Monday, 16 February 2009


NOTE: In November 2002 I wrote these two pieces. The first for the FT, combining two films from the London Film Festival; the second for the Guardian, an obituary of Motown Funk Brother Johnny Griffith, whose death came, sadly, just before the Funk Bros. documentary made its US debut. Neither piece ran, perhaps in the case of the first because there wasn't a year with a zero at the end to tag it to. A few months later I made a pilot for BBC Radio 6; the series was to be called This Is My Country, examining the musical roots of various American cities. I did the pilot about Detroit while all this was fresh in my mind. I'd conceived of it and proposed a half-hour show using song fragments; they insisted on an hour with complete songs, then passed on commissioning the series saying the show was too long. Go figure, BBC. The two articles follow: Happy Anniversary, Motown!
Of all the American cities identified with their music, and there are many, from Nashville to Seattle, Detroit may be the one whose sounds best reflect its character. Although we think automatically of Motown, currently celebrating its 50th anniversary, Detroit’s legacy extends far beyond Berry Gordy’s vision of pop perfection. Its music is tough, gritty, up-front and challenging, as much as product of its factories as automobiles were. It was that way before Motown came along and it still is a heady mix of black and white influences.

Detroit’s music was featured in two very different films which I first wrote about in 2002 at the London Film Festival: Curtis Hanson’s 8 MILE, starring the rapper Eminem and loosely based on his own life story, and STANDING IN THE SHADOWS OF MOTOWN, Paul Justman’s vibrant documentary about the Funk Brothers, Motown’s too-anonymous studio band, whose diverse talents moulded the music produced by rock’s greatest hit factory.

For Hanson, whose seductive neon Los Angeles dominated LA CONFIDENTIAL, the star of 8 MILE was a seventies-film gritty Detroit itself, its presence hovering over every person and every action in the film. The impact of the city gives 8 MILE undoubted power, even for audiences unconvinced by rap music, or bored with the familiar story framework of show-business success sagas. Eminem’s character, Rabbit, is an immigrant looking for work; Kim Basinger as his mother plays her southern trailer-park accent for all it’s worth. That’s important, because Detroit is a city of immigrants. They poured in from middle and southern Europe, even before Henry Ford’s production line sprang up on the River Rouge. Even the great depression couldn’t shut them down; poor whites from Appalachia and the south flooded north, seeking work. Years later, their voices would echo in the country-tinged refrain of Bobby Bare’s ‘Detroit City’: “I want to go home…”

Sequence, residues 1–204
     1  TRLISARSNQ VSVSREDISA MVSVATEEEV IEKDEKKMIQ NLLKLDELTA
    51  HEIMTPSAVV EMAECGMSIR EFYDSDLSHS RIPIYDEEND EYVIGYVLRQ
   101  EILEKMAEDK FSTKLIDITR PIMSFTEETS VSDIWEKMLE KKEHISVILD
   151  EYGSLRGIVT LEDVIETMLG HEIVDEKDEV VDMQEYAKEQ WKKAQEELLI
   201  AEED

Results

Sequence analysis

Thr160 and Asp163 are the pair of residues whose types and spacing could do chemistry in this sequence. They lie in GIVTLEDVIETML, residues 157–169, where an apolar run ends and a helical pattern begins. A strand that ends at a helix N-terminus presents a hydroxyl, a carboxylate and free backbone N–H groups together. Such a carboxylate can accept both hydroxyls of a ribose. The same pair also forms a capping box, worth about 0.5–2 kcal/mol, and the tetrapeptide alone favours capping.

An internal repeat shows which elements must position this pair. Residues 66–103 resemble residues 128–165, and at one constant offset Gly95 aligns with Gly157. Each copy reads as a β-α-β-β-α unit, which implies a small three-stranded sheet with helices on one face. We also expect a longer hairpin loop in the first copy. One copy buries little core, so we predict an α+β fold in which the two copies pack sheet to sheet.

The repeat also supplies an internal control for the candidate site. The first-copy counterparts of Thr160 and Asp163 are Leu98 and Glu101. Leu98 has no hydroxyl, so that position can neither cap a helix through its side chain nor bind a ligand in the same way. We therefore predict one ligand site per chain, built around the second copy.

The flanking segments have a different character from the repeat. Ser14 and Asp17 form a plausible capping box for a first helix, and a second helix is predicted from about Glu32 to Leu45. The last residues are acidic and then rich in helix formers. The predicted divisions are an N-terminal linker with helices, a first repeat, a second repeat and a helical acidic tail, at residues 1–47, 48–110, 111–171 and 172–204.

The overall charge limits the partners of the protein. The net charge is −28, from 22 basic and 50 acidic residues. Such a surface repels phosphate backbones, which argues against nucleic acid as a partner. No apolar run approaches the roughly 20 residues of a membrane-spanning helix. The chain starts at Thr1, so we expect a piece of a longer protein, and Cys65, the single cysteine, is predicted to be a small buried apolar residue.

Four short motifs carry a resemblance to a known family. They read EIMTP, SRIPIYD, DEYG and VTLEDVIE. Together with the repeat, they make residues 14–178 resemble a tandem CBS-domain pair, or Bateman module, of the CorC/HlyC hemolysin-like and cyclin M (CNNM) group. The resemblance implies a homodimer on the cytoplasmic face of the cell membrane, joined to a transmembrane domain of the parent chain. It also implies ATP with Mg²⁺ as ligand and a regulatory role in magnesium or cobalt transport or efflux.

The Europeans and the Appalachians were followed by blacks driven from the deep south by mechanical cotton pickers. Even before the Civil War, Detroit had been a haven for runaway slaves; the last stop before Canada on the Underground Railway. After World War II, as the big-band era died, Detroit’s urban sound coalesced around the electric blues of John Lee Hooker, originally from Clarksdale, Mississippi, and the small jazz combos playing in the city’s countless nightclubs. Berry Gordy’s first entrepreneurial effort, a jazz record store, failed, but back working on Ford’s production line, Gordy co-wrote a song for Jackie Wilson, just released from Lansing State Correctional Institute. Backed by local jazz musicians, including pianist Johnny Griffith, ‘Lonely Teardrops’ became a hit, and it gave Gordy ideas. He began producing records like the Contours’ ‘Do You Love Me’, melding sophisticated background music to pop tunes. That became Motown’s formula, and Gordy organised Motown with the precision of Ford’s assembly line. Writers, arrangers, singers, and musicians laboured in departments, fitting together the pieces of hits as accessible as Model Ts to the (white) American public.

Fifty years later, the world still hums the hits of the Supremes, Four Tops, and Temptations, but STANDING IN THE SHADOWS OF MOTOWN rescues from obscurity the geniuses who made those songs, including Griffith, who sadly passed away the night of the film’s Detroit premiere (see his obituary, which I wrote at the time, below). It explores their roots in jazz and blues, and demonstrates the fertile creative atmosphere of The Snakepit, Motown’s studio built in Berry Gordy’s basement. The film’s defining moment dramatises the Detroit riots, which started in July 1967 after a police raid on an after-hours ‘blind pig’ drinking club. The riots left 43 people dead, and 14 square miles of urban destruction. Soldiers patrolled the streets. The black Funk Brothers shepherded their white colleagues home through the flames, but this staring in the face of repression and chaos meant the carefree music of Motown was changed forever. Soon Marvin Gaye produced Motown’s most political statement, and not coincidentally, “What Going On”was the first record to credit the house musicians individually.

Just as Motown and black American music influenced British rock, the British Invasion helped create a new Detroit rock sound. Post-Motown Detroit was tough rock, with an edge. Mitch Ryder and the Detroit Wheels wore their Motown-influences proudly, but just as typical were the raw sounds of bands like Question Mark & The Mysterians (“96 Tears”), Bob Seger, or the MC5, house band for John Sinclair’s White Panther political movement. Detroit gave the world Alice Cooper, the early heavy metal band Grand Funk Railroad, and the proto-punk rock of Iggy Pop and the Stooges. And when Motown met LSD, George Clinton’s doo-wop band, The Parliaments, were transformed into P-Funk, the spawn of Parliament and Funkadelic, where veterans of James Brown‘s backup band, most notably bassist Bootsy Collins, drifted into outer space.